Following the previous analysis Europe is still in a difficult situation with certain regions remaining in crisis. So, if a crisis starts, Europe would probably be one of the most affected regions. The mini-crash in 24th August 2015 revealed instability of the financial markets and a good part of that instability was caused by China. The Chinese economy is slowing down. After growth rates of 10% and more before 2011, China grew only between 7% and 8% with slower growth expected for the years to come. That’s because China is struggling to do the transition to a new economic model more based on internal demand with higher production costs than before, due to the increase in wages. That led to a sharp devaluation of the Yuan, which favors Chinese exports but strings imports or, putting it differently, European and American exports. Obviously, that would be quite negative for those economies and that paralyzed the stock markets globally because China is now the second biggest economy in the world.
Another factor is the decrease in the price of oil caused because the decrease in demand generated by the Chinese slowdown, the exploitation of the shale gas in the US and the end of the sanctions against Iran, which increase the supply. The decrease in the price of oil might benefit most the European countries that are net importers, but is negative for some companies in those countries, and especially hazardous for countries like Russia, Canada, Norway, the Gulf States and Venezuela. Another problem is that some European banks are highly exposed to oil companies that are highly affected by the sharp decline in oil and oil derivates’ prices.
There’s also the feeling in the last few months that America’s growth is slowing down.
In the graph above we can see that after an excellent second half of 2013 and the second, third and fourth trimester of 2014, in 2015 the economy seems to be a bit more stiff than the homologous growth in the third quarter of 2015 being 2,3 percentage points less than in 2014.The forecast for the growth rate in the fourth quarter is 1% which continues a trend of deceleration of the growth rates. However, with the expansion of the quantitative easing in the third quarter of 2015, the economy should be able to present good results in 2016.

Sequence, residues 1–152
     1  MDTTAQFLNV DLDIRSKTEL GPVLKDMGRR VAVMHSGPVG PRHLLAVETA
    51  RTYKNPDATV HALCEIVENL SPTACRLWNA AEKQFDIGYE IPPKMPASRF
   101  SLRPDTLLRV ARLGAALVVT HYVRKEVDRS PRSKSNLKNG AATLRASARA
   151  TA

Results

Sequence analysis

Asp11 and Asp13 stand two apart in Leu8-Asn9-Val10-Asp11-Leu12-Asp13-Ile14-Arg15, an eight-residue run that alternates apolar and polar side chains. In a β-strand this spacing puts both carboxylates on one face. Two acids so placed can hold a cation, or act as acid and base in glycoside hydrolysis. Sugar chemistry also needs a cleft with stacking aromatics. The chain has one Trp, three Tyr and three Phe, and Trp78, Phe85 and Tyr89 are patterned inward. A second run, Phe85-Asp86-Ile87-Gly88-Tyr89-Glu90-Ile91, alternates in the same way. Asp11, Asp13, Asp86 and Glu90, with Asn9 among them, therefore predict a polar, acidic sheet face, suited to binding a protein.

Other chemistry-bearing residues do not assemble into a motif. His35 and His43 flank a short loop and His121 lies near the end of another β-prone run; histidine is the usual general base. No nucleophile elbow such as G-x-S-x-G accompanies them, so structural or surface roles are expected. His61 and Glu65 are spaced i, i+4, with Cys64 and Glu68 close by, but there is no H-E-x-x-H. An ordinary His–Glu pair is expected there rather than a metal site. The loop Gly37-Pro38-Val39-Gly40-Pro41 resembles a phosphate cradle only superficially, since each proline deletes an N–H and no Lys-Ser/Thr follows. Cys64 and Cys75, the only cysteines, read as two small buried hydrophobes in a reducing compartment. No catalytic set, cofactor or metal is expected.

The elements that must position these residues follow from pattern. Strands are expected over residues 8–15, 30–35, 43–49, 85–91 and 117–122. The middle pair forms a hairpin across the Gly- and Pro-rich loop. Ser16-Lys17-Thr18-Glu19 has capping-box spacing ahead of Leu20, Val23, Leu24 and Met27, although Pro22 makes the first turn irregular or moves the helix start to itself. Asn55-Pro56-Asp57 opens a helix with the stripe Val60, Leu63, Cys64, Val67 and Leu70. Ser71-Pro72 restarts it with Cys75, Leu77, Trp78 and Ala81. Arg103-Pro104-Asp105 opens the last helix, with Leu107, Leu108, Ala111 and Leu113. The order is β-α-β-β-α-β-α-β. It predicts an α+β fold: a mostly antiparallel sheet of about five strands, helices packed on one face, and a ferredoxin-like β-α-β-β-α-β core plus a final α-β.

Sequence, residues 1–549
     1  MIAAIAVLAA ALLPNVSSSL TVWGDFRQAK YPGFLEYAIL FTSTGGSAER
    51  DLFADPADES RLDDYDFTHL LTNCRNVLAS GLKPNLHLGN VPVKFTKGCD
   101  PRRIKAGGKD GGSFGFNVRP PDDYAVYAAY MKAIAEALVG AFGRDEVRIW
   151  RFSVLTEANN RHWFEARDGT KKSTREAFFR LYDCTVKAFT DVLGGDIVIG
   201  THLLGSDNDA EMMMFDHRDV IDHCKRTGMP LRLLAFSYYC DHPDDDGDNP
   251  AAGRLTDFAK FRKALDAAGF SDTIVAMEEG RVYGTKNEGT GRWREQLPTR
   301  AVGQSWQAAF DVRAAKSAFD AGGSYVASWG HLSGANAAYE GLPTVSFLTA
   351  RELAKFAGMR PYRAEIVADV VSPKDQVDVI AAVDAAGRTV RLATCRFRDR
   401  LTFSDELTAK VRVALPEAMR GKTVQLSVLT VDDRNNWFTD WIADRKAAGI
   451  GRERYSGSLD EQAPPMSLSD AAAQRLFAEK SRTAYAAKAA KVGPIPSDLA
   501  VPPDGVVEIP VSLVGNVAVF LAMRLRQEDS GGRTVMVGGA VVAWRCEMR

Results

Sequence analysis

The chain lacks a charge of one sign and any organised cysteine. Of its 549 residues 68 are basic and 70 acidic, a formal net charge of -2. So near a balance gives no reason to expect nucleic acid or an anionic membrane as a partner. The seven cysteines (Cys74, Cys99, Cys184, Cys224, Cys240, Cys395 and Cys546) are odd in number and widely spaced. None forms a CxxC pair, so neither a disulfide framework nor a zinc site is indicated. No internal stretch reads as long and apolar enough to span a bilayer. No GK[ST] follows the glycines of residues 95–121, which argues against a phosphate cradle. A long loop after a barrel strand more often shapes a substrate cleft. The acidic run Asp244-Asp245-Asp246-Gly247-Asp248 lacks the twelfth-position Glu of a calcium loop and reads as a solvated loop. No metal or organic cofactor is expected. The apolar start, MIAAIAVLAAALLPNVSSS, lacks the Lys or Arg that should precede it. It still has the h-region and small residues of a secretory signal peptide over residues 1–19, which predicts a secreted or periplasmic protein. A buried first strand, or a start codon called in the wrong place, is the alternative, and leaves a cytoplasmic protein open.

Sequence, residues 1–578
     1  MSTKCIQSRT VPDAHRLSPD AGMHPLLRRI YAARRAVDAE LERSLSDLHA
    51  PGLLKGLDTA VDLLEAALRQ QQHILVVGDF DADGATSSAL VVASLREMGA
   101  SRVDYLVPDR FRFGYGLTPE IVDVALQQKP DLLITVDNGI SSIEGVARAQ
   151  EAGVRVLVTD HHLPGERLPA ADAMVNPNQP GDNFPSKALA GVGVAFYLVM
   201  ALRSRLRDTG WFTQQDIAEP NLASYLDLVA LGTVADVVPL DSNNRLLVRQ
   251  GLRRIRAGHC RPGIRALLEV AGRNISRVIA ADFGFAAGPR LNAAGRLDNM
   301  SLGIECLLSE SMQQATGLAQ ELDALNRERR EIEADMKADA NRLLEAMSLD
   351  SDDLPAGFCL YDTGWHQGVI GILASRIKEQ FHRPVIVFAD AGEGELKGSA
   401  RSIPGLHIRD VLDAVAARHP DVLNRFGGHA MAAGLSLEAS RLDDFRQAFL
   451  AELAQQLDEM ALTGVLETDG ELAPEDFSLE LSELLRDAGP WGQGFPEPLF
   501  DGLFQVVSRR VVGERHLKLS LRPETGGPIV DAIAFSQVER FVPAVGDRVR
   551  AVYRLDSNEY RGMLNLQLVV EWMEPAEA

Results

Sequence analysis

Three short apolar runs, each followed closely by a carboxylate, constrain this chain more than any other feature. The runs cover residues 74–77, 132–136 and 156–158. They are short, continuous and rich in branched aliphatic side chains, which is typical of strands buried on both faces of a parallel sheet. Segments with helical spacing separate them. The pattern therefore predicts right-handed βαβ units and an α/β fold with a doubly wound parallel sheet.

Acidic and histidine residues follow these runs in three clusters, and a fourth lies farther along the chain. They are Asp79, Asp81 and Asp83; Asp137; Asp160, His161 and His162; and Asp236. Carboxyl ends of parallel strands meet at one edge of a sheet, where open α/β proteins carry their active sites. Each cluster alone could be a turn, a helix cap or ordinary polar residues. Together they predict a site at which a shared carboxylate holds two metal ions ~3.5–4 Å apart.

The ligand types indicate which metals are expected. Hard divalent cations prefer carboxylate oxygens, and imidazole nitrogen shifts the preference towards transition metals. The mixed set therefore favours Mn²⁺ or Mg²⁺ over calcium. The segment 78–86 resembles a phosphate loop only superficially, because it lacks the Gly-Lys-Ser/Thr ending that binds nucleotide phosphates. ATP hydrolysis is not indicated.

There’s also the psychological factor created by the statements of people like the economist Nouriel Roubini, who also predicted the subprime crisis, George Soros one of the biggest and most influential investors ever, and the recommendations of the Royal Bank of Scotland, Societé Generale and JP Morgan. All these predict that a big crash will happen in 2016 in the financial markets with more or less implications for the real economy with a lot of risk in the markets predicting a decrease up until 75% of the American indexes and advising that they should seek refuge on high quality bonds. A sign of this might be the fact that the Price/Equity ratio (a ratio that measures the current share prices relative to the earnings per share) is 26, much above the equilibrium value of 15 which means that the shares might be overvalued especially when they are at the third higher value of the century, only behind 1929 and 2000, periods that were followed by the Great Depression and the Dotcom crisis.
To conclude and judging from all these arguments, I see two major scenarios that might happen.
One of them is a positive scenario in which the US economy continues to grow, Europe recovers and finally gets a firm and steady growth, China successfully makes the transition to an internal demand based economy and the situation in the Middle East gets stabilized, the war in Syria ends and the tensions between Iran and Saudi Arabia are reduced. The stock markets will continue to grow in the next few years with valorizations of around 10%-20% per year.
The other is a more negative scenario in which a crash will happen in 2016 or perhaps in 2017 following a period of instability in the markets. China continues slowing down, the US will start slowing down before the crash and after the crash it may enter in a recession that will bring after it other regions of the world. In Europe, the Euro Zone might be in peril, with a likely Grexit and maybe other countries like Portugal do to large public and private debts. Even the European Union might be doomed to collapse due to the handling of the refugees issue if the war in Syria continues, as it is likely to do.
Pedro Diogo, Economics Student
Disclaimer: This Post reflects solely the author’s opinion and do not represent the platform as a whole
Image 2: http://www.cbrates.com/eurozone/